The preference for being a ‘morning person’ or a ‘night person’ may actually be partially related to a person’s genes, a new study suggests.
David Hinds, a statistical geneticist at the genetic testing company called 23andMe, that is headquartered in Mountain View, California, said that it is interesting to see how our behaviours and preferences are influenced by genetics.
For the new study – published Tuesday (Feb. 2) in the journal Nature Communications – the researchers looked at data from about 90,000 people who submitted DNA in saliva samples. In addition to that, the study participants were also asked one question: whether they were a night person or a morning person.
Then, the researchers compared the data on the participants’ DNA with the survey responses. They looked at whether any single nucleotide polymorphisms, also known as SNPs, were more prevalent in individuals who identified as a morning person.
The results showed that a person was five to 25 percent more likely to be a morning person, when they had one of the 15 genetic variants. About 48.4 percent of women were ‘early birds,’ compared with 39.7 percent of men. When it comes to age, 24.4 percent of people under the age of thirty said that they preferred mornings, compared with 63.1 percent of people over sixty, the researchers found.
Till Roenneberg, a professor at Ludwig-Maxmilian University in Munich, Germany, who studies circadian rhythm (24-hour cycles of activity controlled by the brain), said that being a morning person or an night person is likely a continuous trait – much like shoe size or height. Some factors, including temperature, sunlight, and genes, can affect the way the circadian rhythm manifests itself, Roenneberg stated.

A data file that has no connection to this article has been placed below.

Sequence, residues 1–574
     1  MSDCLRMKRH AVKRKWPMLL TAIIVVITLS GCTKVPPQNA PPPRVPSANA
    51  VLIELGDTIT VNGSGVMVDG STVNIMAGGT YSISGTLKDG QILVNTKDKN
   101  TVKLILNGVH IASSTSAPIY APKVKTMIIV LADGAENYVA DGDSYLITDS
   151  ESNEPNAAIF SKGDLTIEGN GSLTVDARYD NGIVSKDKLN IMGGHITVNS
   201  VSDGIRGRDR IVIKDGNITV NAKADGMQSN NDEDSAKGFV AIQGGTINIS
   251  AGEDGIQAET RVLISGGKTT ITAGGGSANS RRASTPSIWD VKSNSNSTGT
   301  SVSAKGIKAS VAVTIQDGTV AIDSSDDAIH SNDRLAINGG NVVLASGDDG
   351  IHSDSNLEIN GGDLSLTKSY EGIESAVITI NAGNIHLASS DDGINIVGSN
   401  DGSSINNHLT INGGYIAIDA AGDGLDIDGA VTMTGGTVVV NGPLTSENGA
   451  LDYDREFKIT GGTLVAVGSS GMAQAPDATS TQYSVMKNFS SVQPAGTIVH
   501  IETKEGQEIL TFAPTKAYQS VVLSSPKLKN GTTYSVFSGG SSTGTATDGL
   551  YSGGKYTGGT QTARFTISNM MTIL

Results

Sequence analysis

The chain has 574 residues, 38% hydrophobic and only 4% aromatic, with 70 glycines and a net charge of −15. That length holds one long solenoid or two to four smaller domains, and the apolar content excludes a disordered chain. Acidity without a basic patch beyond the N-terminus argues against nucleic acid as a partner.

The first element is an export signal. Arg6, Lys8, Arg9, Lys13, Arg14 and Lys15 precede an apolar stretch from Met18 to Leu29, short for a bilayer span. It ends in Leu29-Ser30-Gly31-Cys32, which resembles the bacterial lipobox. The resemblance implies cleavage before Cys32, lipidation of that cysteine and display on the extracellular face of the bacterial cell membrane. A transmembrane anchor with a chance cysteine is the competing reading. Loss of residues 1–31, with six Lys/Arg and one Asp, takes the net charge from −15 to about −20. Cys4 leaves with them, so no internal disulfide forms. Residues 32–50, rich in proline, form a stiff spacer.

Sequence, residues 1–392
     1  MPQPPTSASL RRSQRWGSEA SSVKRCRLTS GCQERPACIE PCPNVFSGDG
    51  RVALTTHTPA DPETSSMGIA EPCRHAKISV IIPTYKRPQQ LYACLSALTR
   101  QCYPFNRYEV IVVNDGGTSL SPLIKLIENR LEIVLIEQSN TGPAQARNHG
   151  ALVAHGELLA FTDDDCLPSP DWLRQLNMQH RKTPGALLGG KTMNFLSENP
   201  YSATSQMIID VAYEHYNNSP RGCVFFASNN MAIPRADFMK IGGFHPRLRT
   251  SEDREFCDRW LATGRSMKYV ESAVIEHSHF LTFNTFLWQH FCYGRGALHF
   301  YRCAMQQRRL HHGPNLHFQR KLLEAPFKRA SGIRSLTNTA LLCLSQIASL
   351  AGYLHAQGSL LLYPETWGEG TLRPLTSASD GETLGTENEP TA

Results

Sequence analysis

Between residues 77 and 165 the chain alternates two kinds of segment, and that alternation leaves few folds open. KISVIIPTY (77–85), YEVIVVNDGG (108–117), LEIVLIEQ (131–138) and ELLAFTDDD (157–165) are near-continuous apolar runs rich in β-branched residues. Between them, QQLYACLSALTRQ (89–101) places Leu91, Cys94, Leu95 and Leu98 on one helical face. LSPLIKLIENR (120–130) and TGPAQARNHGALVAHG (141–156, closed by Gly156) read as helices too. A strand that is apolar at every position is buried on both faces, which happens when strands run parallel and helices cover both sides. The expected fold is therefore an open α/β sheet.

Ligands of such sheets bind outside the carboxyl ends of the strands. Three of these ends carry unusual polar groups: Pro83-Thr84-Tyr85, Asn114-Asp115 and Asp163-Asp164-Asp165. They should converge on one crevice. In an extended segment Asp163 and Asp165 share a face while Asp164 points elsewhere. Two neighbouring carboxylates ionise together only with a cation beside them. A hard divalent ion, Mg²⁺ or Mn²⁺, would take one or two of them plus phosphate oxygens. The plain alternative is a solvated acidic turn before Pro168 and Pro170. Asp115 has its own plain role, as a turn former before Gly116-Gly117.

It is important to note that circadian rhythms are adaptable, which enables people to work as and shift workers, flight attendants, and to recover from jet lag, according to Roenneberg. Moreover, exposure to light, like sitting in front of a computer in an office late at night, as well as other circumstances, such as going for a hike on a vacation, can also change whether someone is night person or a morning person.
If it were only up to genes and people were born with a predisposition toward sleeping in or waking early, it would be a lot more difficult for them to change their circadian rhythms, according to Roenneberg.
That being said, Jun Li, a geneticist at the University of Michigan who was not involved in the study, as well as other geneticists said the new study provides statistically significant evidence that there is indeed some genetic impact on circadian rhythms.
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